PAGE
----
In January 1973, the world was introduced to the legendary Bruce Springsteen, a gravelly-voiced Jersey Boy with a guitar who earned himself many comparisons to Bob Dylan. Formerly appearing in a variety of bands like Dr. Zoom and the Sonic Boom, Springsteen was signed to Columbia Records as a solo artist in 1972. He quickly turned around his now iconic debut album, Greetings from Asbury Park N.J., on a budget and created a modestly-selling critical darling.
Not wanting to spend more of his advance than necessary, Springsteen, then manager Mike Appel, and the musicians that would eventually be called the E Street Band created Greetings from Asbury Park, N.J. in a burst of creative energy. Much of the album was created within a week at the cheap, remote 914 Sound Studios to save on costs. Upon its presentation to the record label, Columbia Records President Clive Davis thought it lacked a lead single. Springsteen dove back into the studio to quickly cut the now fan favorites “Blinded by the Light” and “Spirit in the Night,” the only two singles to be released from this album. Unfortunately, neither of these singles charted until Manfred Mann’s Earth Band covered “Blinded by the Light” in 1976 and Springsteen earned a #1 with a songwriting credit.
Greetings from Asbury Park N.J. is everything you’d expect Springsteen’s debut album to be. It’s an origin story that he crafted for himself, along with several tales of people he’s met–or imagined–along the way. While the album doesn’t hold Springsteen’s strongest fare, it’s plenty proof that his songs pack a punch when it comes to storytelling and includes one of the most pervasive motifs throughout his early works: cars and motorcycles, both literally and figuratively.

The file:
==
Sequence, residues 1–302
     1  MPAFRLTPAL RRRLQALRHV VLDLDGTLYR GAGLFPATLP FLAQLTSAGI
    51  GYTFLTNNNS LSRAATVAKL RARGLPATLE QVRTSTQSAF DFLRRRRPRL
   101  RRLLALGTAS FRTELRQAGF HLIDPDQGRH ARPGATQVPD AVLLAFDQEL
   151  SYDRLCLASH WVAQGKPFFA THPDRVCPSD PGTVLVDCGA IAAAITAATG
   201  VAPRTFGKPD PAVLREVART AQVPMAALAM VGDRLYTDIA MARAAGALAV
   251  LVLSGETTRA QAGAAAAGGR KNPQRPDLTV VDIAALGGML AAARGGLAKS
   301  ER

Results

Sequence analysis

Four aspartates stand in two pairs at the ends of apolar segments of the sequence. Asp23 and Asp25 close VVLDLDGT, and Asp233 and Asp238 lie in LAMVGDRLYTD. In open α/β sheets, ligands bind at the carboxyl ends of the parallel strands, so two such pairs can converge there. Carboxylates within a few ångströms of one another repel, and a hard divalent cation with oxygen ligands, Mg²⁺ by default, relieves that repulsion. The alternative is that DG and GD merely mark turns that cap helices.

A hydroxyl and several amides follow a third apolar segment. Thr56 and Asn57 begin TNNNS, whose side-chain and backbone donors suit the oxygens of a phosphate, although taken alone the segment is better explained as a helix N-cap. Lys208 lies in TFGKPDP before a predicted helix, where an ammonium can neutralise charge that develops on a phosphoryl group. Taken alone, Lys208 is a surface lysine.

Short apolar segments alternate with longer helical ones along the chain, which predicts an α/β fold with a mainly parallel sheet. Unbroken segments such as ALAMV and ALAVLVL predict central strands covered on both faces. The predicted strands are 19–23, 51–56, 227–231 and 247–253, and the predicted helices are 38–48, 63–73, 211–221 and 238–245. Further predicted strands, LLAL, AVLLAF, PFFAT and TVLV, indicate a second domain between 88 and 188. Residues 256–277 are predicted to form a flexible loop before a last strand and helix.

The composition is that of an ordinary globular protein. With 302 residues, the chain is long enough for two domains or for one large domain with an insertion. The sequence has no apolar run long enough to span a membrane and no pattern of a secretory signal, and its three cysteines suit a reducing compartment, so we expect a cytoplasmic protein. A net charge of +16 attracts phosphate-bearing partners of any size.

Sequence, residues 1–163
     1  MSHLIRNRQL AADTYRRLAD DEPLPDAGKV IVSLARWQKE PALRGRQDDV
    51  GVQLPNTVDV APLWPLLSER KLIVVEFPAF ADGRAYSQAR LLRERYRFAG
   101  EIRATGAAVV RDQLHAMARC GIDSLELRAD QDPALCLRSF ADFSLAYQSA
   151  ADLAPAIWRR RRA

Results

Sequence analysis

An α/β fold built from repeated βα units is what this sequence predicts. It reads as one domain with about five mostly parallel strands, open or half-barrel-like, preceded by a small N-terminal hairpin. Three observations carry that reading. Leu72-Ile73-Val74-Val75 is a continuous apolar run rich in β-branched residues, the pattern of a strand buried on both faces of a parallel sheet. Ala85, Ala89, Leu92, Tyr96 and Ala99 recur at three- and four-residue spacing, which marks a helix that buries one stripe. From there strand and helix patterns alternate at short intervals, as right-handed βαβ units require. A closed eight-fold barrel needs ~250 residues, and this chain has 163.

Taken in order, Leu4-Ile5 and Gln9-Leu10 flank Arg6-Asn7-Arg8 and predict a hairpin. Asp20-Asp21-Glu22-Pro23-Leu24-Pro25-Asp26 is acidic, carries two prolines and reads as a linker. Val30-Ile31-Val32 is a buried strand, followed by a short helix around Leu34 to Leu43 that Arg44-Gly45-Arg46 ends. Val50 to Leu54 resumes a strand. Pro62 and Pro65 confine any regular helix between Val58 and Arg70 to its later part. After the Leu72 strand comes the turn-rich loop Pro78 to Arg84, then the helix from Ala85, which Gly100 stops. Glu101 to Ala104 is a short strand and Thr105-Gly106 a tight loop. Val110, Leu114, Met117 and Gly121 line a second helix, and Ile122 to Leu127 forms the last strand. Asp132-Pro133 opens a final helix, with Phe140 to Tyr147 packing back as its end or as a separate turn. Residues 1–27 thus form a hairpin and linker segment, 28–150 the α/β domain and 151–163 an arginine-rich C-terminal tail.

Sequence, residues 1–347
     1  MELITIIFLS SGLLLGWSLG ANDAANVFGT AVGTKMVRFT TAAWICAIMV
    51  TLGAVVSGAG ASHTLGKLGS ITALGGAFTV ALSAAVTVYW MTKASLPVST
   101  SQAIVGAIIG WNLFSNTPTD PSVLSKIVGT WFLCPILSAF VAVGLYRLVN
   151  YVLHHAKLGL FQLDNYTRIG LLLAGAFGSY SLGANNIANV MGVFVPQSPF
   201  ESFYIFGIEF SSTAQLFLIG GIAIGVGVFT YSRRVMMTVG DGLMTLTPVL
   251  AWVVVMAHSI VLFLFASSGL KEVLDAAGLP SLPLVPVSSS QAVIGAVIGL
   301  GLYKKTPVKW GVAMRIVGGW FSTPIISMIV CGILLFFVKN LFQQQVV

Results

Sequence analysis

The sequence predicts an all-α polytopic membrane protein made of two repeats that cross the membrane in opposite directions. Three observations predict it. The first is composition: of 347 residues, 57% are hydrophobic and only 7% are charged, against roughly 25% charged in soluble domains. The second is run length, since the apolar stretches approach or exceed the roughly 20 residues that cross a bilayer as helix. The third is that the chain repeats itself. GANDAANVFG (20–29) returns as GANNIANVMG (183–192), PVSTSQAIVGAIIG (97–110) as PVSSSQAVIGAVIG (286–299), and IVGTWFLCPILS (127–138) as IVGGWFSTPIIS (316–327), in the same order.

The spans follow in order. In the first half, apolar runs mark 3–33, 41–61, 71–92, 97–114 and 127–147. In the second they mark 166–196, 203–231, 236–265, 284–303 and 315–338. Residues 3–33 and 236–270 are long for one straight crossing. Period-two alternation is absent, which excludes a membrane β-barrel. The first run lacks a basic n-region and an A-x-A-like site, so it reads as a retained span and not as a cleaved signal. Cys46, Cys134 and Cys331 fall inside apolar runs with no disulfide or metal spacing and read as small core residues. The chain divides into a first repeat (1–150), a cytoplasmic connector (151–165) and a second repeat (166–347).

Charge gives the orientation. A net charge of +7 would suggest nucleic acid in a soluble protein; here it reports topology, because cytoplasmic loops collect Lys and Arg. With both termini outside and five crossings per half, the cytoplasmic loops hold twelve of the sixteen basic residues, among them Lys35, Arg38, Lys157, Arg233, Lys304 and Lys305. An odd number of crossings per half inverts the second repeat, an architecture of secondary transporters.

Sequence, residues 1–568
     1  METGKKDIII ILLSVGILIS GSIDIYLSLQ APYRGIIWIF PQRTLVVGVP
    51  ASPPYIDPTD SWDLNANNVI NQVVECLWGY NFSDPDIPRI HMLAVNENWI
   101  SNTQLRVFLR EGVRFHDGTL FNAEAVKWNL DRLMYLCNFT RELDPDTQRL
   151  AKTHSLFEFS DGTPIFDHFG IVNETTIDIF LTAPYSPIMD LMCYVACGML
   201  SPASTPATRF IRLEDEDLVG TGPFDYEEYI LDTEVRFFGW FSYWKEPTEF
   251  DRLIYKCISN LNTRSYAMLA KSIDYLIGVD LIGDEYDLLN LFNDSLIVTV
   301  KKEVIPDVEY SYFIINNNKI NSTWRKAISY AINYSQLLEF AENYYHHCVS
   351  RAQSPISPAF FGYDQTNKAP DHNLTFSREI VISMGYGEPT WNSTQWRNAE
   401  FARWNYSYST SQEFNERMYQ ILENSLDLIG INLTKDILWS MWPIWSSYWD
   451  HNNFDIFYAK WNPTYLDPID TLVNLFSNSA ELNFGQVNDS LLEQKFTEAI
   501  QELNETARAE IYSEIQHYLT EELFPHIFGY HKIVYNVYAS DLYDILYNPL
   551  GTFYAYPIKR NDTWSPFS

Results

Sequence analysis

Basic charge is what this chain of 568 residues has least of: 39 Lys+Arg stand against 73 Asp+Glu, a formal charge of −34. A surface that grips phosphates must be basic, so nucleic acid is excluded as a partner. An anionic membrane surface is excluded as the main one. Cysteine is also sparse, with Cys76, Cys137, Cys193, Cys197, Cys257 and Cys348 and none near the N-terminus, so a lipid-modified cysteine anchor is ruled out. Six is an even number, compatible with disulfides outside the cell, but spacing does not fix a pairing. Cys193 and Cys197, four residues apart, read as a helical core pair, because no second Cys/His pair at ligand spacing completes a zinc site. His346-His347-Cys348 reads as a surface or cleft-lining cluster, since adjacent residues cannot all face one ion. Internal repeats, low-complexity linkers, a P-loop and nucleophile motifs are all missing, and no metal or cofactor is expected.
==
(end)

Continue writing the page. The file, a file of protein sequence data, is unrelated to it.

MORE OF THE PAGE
Springsteen’s work is well known for its exploration of his New Jersey upbringing, a fact that started with Greetings from Asbury Park N.J.. The album includes several tracks that recall stories and references of Springsteen’s rebellious teenage years in New Jersey, painting him as someone who refuses to just go with the crowd. Songs like “Blinded by the Light,” “Growin’ Up,” and “Spirit in the Night” lead listeners through a series of nonlinear vignettes with the recurring theme of rebellion, be refusing to do what everyone wants you (“I hid in the clouded wrath of the crowd, but when they said, ‘Sit down,’ I stood up”) to or just a classic case of teen partying (“By the time we made it up to Greasy Lake/I had my head out the window and Janey’s fingers were in the cake/I think I really dug her ’cause I was too loose to fake”). These songs ring with freedom and possibility.
Greetings from Asbury Park N.J. is full of good, old-fashioned, down-home Springsteen epics he came to be known for. Kicking off with an acoustic guitar and strong harmonica (which would also come to be a classic Springsteen move), “Mary Queen of Arkansas” is a rambling, Bob Dylan-esque track about a drag queen. Told in three parts, piano ballad “Lost in the Flood” examines the life of one or more Vietnam Vets in their post-war lives. Album closer “It’s Hard to Be a Saint in the City” tells the story of a young man growing up on the streets of a city, attempting to be as good as he can but eventually straying his path. Though the title and description sound like a morality tale, “It’s Hard to be a Saint in the City” is a bouncy, piano-laden track that takes the album home with great energy.
While Greetings from Asbury Park N.J. may not be Springsteen’s strongest or most popular album, it provided for a strong foundation for the rest of his career. As stated above, the album was well received; critics praised Springsteen for his illustrative lyric style and his dedication to a good rhyme scheme. Songs like “Lost in the Flood” and “For You” both show the beginnings of the evolution in musical structure that would lead to hits like “Rosalita” and “Thunder Road.” Everyone could see the potential building throughout the tracks, potential that Springsteen would continue building when he jumped back in the studio to record his sophomore album The Wild, the Innocent and the E Street Shuffle later that year.